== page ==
Girls benefit from grand gesture

It was a piano movement on a grand scale when a Yamaha grand piano was delivered to Otago Girls’ High School.

The instrument belonged to former Dunedin piano teacher Margaret Da-Rin (86), who decided to give it to the school when she found her ageing fingers could no longer glide around the keyboard like they used to.

‘‘I’ve had it for about 40 years, and it’s always meant a lot to me.

‘‘But once I couldn’t play it, it became a nuisance.

‘‘A grand piano is quite an awkward piece of furniture to have in your house. It dominates a room.’’

Otago Girls’ High School pupil Anika Perenara (17) plays a baby grand piano given to the school...
Otago Girls’ High School pupil Anika Perenara (17) plays a baby grand piano given to the school by former Dunedin piano teacher Margaret Da-Rin (rear). PHOTOS: PETER MCINTOSH & SUPPLIED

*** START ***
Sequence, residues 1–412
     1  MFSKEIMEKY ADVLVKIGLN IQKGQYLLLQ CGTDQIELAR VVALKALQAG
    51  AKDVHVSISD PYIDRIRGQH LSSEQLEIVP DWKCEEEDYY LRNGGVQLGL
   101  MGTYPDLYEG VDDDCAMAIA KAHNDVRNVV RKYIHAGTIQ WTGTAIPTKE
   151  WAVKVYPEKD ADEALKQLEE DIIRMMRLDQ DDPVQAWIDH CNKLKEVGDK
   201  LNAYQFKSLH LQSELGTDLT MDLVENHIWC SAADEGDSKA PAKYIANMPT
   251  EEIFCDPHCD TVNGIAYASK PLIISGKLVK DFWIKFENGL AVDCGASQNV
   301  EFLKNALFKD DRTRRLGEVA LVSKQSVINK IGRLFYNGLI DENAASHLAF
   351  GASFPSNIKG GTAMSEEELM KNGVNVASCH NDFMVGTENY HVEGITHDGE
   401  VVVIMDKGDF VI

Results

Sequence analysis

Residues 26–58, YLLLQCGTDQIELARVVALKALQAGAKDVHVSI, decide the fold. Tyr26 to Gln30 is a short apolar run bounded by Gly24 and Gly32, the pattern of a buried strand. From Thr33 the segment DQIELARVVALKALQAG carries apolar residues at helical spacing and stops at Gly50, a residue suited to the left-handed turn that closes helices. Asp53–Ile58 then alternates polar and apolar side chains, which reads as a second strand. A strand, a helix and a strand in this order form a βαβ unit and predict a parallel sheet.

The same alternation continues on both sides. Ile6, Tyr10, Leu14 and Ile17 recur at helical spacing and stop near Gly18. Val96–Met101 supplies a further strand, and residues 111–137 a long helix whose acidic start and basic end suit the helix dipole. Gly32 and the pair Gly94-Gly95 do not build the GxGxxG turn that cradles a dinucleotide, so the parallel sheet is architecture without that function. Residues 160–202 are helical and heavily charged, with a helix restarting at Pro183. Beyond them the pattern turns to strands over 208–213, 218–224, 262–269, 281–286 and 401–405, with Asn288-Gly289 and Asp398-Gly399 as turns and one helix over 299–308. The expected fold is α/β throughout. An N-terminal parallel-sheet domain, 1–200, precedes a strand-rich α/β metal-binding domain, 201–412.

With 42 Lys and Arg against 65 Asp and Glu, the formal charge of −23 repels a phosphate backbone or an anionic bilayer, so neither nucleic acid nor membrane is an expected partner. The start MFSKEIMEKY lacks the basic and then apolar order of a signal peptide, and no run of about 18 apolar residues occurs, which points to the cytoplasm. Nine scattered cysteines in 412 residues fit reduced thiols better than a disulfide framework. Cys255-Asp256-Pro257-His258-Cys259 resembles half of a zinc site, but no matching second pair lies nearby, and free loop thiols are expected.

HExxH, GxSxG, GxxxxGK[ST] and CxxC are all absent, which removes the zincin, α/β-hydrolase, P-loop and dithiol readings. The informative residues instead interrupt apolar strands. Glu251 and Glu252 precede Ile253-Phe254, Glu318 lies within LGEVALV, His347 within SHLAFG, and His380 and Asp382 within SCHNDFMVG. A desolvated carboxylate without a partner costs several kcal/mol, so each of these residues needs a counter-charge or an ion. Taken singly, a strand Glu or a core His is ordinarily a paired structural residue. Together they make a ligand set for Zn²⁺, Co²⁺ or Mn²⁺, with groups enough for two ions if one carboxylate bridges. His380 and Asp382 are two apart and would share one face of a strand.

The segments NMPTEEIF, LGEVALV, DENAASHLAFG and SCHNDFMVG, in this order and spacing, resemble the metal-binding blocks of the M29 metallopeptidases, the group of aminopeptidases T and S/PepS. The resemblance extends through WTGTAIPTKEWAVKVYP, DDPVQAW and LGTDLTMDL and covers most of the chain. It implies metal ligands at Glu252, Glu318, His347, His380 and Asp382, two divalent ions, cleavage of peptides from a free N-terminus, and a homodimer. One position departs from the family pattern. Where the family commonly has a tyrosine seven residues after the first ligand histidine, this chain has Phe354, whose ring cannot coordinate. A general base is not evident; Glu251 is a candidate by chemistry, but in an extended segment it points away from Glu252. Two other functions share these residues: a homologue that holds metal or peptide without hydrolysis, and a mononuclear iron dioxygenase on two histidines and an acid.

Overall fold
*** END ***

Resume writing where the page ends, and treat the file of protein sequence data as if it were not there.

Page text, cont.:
She said her four daughters and two of her granddaughters had been pupils at Otago Girls’, and she wanted to give something back to the school.

‘‘None of the family were interested in it.

‘‘I wanted it to still be used and enjoyed.’’

The piano, valued in the ‘‘tens-of-thousands of dollars’’, was removed from her home by crane before the Covid-19 lockdown.

The baby grand is lifted out by crane.
The baby grand is lifted out by crane.

It has since been delivered to the school.

Mrs Da-Rin was at the school yesterday and was delighted to hear it being played by pupils.

Principal Linda Miller was grateful for the gift and said it would be appreciated by many generations of pupils.

Mrs Da-Rin said the bonus of giving the piano to the school was that she now had space in her lounge to do 1000-piece jigsaws.

john.lewis@odt.co.nz

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